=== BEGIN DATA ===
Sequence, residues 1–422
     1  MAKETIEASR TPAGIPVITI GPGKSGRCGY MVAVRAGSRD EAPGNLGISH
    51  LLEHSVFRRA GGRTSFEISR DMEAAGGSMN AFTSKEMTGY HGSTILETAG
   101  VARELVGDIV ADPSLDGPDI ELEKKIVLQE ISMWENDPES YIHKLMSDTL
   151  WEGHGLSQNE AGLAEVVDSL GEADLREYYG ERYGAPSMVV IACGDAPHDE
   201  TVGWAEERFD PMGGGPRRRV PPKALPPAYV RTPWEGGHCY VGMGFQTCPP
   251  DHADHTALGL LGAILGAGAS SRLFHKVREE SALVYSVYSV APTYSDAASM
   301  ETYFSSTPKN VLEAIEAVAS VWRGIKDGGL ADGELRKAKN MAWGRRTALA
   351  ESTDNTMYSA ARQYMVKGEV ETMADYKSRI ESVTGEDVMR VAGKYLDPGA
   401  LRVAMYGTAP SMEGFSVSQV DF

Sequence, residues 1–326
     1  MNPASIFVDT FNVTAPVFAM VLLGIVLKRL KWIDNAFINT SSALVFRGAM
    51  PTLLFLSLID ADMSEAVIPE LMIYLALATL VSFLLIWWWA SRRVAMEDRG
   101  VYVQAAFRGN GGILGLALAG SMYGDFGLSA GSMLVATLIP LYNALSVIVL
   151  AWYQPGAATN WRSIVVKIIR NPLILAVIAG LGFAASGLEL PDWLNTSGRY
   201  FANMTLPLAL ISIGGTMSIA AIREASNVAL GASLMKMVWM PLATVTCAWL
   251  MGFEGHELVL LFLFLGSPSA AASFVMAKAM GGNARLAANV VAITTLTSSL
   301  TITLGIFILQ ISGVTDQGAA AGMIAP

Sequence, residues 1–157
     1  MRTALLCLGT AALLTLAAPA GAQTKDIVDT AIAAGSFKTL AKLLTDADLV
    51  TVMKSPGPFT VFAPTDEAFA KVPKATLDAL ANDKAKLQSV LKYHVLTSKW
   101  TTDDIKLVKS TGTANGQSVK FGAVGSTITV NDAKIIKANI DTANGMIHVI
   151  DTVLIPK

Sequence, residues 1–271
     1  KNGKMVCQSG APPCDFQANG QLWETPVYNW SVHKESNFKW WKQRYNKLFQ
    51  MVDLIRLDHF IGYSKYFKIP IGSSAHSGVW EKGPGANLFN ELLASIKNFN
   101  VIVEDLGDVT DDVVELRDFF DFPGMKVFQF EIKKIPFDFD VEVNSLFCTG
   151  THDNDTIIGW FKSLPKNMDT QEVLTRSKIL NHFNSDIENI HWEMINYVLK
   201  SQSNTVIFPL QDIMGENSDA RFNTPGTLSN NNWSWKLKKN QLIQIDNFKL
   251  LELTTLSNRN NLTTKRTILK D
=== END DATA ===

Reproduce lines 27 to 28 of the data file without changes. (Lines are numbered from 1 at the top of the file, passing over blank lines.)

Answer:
   101  VIVEDLGDVT DDVVELRDFF DFPGMKVFQF EIKKIPFDFD VEVNSLFCTG
   151  THDNDTIIGW FKSLPKNMDT QEVLTRSKIL NHFNSDIENI HWEMINYVLK